The process of compressing your data costs more than decompressing it. Rule of thumb holds.

A magnifying glass, simply put, directs the energy that hits its outside lense surface to a much smaller area, at the cost of the loss due to diffraction of light. I don't think I've ever seen that presented as a problem in the laws of thermodynamics. Either you or I are greatly misunderstanding something.

about two weeks ago
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Is It Time To Split Linux Distros In Two?

DamnOregonian Re: More Forks! (280 comments)

Equally poor, I'd say... Why? Did someone make that argument, too?

about two weeks ago
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Is It Time To Split Linux Distros In Two?

DamnOregonian Re:More Forks! (280 comments)

Ah yes, the good old, "We should do what the guys with captive markets do, because it's Smarter." argument. Cracks me up every time.

about two weeks ago
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The Argument For a Hypersonic Missile Testing Ban

DamnOregonian Re:Ban when you are done testing? (322 comments)

Very true, on the range, though not useful for a carrier.
The X-15 had that range because it ascended to 107km of altitude and coasted down. With a flight profile like that, any semi-modern ABM frigate (Aegis, etc) is going to knock you out before the carrier is even visible.

about three weeks ago
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The Argument For a Hypersonic Missile Testing Ban

DamnOregonian Re:Ban when you are done testing? (322 comments)

Yawn.
The Chinese knocked out a mock US aircraft carrier in a wargame by firing a missile into a defenseless spot of the Gobi Desert. Really, dude?

Every successful wargame takedown of a US carrier has relied on tactics that wouldn't be remotely feasible in a real war zone. They were experimental, and educational, but not realistic. Ask the Iranian speed boats how the rules of engagement worked out for them in the Persian Gulf when some US captains got twitchy fingers. The Chinese better hope their "top secret stealth destroyers that took out the mock carrier" really are as super stealthy as they claim. Me, I'll keep smiling and chewing some pop corn. I think you may be blinded by prejudice.

about three weeks ago
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The Argument For a Hypersonic Missile Testing Ban

DamnOregonian Re:Ban when you are done testing? (322 comments)

Oh, certainly. I meant taking into account the range and required payload of the vehicle. The farther/faster you need to go/more you need to carry, the worse your fuel efficiency is next to any jet. The X-15 carried enough fuel to burn the engines for 85 seconds. Not quite gonna cut it for a cruise missile. In order to make it be able to maintain that speed for the distance a cruise missile needs to go, it's gonna need to be.... the size of a Saturn V (slight exaggeration, but not as bad as you think.)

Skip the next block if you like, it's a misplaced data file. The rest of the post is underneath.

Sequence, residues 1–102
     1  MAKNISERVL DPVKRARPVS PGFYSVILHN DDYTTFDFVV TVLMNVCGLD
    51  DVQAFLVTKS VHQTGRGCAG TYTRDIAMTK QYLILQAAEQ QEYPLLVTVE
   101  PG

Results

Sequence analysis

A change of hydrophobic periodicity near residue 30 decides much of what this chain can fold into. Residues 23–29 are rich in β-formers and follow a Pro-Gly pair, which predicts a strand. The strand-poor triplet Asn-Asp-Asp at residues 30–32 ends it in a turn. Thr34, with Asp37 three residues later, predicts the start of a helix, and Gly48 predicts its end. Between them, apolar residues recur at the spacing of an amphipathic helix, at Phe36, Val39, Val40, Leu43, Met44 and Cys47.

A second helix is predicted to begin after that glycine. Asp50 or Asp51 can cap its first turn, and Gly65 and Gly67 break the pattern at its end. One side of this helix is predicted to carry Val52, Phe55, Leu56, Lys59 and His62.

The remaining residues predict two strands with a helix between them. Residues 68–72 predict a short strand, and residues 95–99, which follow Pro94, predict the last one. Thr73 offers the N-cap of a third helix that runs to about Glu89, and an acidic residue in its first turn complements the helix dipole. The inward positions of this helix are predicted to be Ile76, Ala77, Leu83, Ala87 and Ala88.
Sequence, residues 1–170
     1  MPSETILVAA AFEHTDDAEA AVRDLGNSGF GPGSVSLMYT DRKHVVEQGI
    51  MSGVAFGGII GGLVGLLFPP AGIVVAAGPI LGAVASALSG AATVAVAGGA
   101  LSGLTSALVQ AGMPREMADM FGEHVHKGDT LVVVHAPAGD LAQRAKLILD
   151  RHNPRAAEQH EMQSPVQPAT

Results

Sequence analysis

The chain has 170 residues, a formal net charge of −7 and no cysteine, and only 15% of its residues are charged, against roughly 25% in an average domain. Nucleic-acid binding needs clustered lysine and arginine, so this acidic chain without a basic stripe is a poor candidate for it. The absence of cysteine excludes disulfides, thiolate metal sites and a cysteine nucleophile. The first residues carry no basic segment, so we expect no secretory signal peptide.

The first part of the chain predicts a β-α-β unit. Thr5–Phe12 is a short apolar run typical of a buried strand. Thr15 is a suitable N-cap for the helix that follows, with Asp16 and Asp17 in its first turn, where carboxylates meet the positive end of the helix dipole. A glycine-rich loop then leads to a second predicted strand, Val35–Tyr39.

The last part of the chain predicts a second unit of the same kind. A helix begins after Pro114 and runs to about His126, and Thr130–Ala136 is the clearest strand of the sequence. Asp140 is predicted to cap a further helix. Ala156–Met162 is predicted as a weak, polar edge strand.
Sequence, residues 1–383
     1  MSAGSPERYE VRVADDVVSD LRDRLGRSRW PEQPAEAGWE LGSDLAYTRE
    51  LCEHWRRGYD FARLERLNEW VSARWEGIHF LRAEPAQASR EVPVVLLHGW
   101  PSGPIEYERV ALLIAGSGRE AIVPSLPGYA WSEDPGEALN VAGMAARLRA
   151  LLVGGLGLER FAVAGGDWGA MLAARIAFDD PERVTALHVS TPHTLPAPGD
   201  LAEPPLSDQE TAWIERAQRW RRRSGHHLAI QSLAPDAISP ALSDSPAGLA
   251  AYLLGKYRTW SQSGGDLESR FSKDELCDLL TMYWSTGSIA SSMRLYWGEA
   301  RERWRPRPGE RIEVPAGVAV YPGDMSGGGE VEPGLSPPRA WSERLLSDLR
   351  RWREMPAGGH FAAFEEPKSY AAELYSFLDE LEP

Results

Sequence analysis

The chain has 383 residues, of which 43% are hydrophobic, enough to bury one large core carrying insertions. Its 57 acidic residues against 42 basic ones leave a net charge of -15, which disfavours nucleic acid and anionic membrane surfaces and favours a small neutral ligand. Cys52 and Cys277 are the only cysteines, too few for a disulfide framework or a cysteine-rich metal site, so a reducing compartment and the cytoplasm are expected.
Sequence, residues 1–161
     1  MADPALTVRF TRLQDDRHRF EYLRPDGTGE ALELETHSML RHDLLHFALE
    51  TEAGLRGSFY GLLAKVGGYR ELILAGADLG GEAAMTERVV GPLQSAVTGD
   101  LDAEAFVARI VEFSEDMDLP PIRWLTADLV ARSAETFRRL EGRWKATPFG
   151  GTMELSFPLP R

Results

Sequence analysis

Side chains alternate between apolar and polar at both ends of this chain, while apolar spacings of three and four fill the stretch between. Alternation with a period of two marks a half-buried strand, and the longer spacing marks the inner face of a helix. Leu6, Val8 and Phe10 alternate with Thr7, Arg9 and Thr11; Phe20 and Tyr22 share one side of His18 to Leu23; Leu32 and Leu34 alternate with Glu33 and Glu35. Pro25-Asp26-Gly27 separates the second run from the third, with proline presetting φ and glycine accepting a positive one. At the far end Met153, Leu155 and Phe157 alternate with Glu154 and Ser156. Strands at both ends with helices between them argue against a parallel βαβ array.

about three weeks ago
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The Argument For a Hypersonic Missile Testing Ban

DamnOregonian Re:Ban when you are done testing? (322 comments)

With a rocket, you have to take your oxygen with you. With a turbojet you have to compress the oxygen you're scooping up. With a sc/ramjet, sheer momentum is doing all the work for you. You may very well be able to hit Mach 7 in level flight with a solid rocket, but it'll likely have to be the size of a Saturn V. (exaggerating... a little bit)

Currently, the fastest cruise missile is supersonic, and uses a ramjet, and goes Mach 4.5 for 300km. They're working on Mach 7 hypersonic models of it for more complete ownage. Stopping something that fast becomes very, very difficult when it isn't coming down from the upper atmosphere. If you can start knocking out American carriers with impunity, you've put a *massive* dent in American power projection capabilities.

about three weeks ago
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The Argument For a Hypersonic Missile Testing Ban

DamnOregonian Re:Ban when you are done testing? (322 comments)

Those things are crazy awesome. Brahmos is building a hypersonic model that will go Mach 7.

about three weeks ago
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The Argument For a Hypersonic Missile Testing Ban

DamnOregonian Re:Ban when you are done testing? (322 comments)

That's so ridiculously false.
Most cruise missiles are subsonic or slightly supersonic. What hypersonic cruise missiles offer that conventional ones don't, is a missile traveling fast enough, that by the time it pops over the horizon, it's embedded in your hull before your Phalanx can even lock on it.

For reference,
An Exocet travels at Mach .92, at sea level. A tomahawk, even less.

Hypersonic means Mach 5+. A few air-to-air missiles go that fast, a few massive rockets that boost into the upper atmosphere and come back down on ballistic arcs go that fast. Hypersonic isn't just a fancy name, it has a meaning- and Mach 5 delivery systems have a very real use.

about three weeks ago
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The Argument For a Hypersonic Missile Testing Ban

DamnOregonian Re:They will just cheat anyway (322 comments)

It was. There also wasn't a treaty signed with Russia that mentioned territorial integrity or invasion. It's also a little tenuous to call what Russia has done so far an invasion... Though it's pretty fucked up either way. It's also a bit silly to act as if Ukraine had a choice in disarmament. They couldn't afford their stockpile. Not one bit. They were begging to get rid of it. You can't exactly bury that shit in the back yard.

about three weeks ago